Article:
Later On

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Must-read article by Jane Mayer

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Jane Mayer is the author of The Dark Side: The Inside Story of How The War on Terror Turned into a War on American Ideals. She now has an article in The New York Review of Books, which begins:

A lady asked Dr. [Benjamin] Franklin, “Well Doctor, what have we got, a republic or a monarchy?”
“A republic,” replied the Doctor, “if you can keep it.”

—Papers of Dr. James McHenry, describing the scene as they left the Federal Convention of 1787 in Philadelphia

Seven years after al-Qaeda’s attacks on America, as the Bush administration slips into history, it is clear that what began on September 11, 2001, as a battle for America’s security became, and continues to be, a battle for the country’s soul.

In looking back, one of the most remarkable features of this struggle is that almost from the start, and at almost every turn along the way, the Bush administration was warned that whatever the short-term benefits of its extralegal approach to fighting terrorism, it would have tragically destructive long-term consequences both for the rule of law and America’s interests in the world. These warnings came not just from political opponents, but also from experienced allies, including the British Intelligence Service, the experts in the traditionally conservative military and the FBI, and, perhaps most surprisingly, from a series of loyal Republican lawyers inside the administration itself. The number of patriotic critics inside the administration and out who threw themselves into trying to head off what they saw as a terrible departure from America’s ideals, often at an enormous price to their own careers, is both humbling and reassuring.

Instead of heeding this well-intentioned dissent, however, the Bush administration invoked the fear flowing from the attacks on September 11 to institute a policy of deliberate cruelty that would have been unthinkable on September 10. President Bush, Vice President Cheney, and a small handful of trusted advisers sought and obtained dubious legal opinions enabling them to circumvent American laws and traditions. In the name of protecting national security, the executive branch sanctioned coerced confessions, extrajudicial detention, and other violations of individuals’ liberties that had been prohibited since the country’s founding. They turned the Justice Department’s Office of Legal Counsel into a political instrument, which they used to expand their own executive power at the expense of long-standing checks and balances.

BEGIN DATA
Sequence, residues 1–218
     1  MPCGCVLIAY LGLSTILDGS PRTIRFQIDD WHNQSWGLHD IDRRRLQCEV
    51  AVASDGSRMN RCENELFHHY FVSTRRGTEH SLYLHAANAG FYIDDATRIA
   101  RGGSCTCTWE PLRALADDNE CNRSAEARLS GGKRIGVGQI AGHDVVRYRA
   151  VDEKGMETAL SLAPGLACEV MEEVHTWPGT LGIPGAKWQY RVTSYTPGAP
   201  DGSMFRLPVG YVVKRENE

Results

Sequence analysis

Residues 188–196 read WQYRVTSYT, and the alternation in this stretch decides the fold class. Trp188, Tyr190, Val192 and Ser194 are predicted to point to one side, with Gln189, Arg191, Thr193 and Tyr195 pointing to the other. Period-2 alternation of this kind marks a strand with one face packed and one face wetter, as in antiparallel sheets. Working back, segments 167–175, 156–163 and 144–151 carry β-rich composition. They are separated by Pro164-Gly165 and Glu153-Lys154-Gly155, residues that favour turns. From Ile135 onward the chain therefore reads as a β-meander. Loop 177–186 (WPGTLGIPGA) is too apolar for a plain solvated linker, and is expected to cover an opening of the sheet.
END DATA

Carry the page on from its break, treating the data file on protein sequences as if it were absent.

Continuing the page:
When warned that these policies were unlawful and counterproductive, they ignored the experts and made decisions outside of ordinary bureaucratic channels, and often outside of the public’s view. Rather than risking the possibility of congressional opposition, they classified vital interpretations of law as top secret. No one knows to this day how many more secret opinions the Bush Justice Department has produced. Far from tempering these policies over time, they marginalized and penalized those who challenged their idées fixes. Because the subject matter was shrouded in claims of national security, however, much of the internal dissent remained hidden.

Throughout this period, President Bush and Vice President Cheney have continued to insist that they never authorized or condoned “torture,” which they acknowledge is criminal under US law. But their semantic parsing of the term began to seem increasingly disingenuous as details from the secret detention and interrogation program surfaced, piece by piece. By the last year of the Bush presidency, many of the administration’s own top authorities, including Director of National Intelligence Mike McConnell and former Secretary of Homeland Security Tom Ridge, as well as John Kiriakou, the former CIA officer involved in the capture of the high-ranking al-Qaeda member Abu Zubayda, acknowledged that as far as they were concerned, waterboarding was torture.

Such extreme measures were perhaps understandable in the panic-filled days and weeks immediately after September 11, falling into place among other historic infringements of civil liberties during times of dire national security crisis. Yet seven years later, the Bush administration’s counterterrorism policies remained largely unchanged. There had been some alterations and improvements. But the legal framework survives despite nearly universal bipartisan acceptance outside of the Bush administration that Guantánamo should be shut down, that the military commission process was hopelessly flawed, and that the human rights violations at Abu Ghraib and elsewhere were not the work of a few “rotten apples” on the bottom, but rather the result of irresponsible leadership at the top. In fact torture, which was reviled as a depraved vestige of primitive cultures before September 11, seemed in danger of becoming normalized.

Continue reading.

Written by Leisureguy

4 August 2008 at 10:48 am

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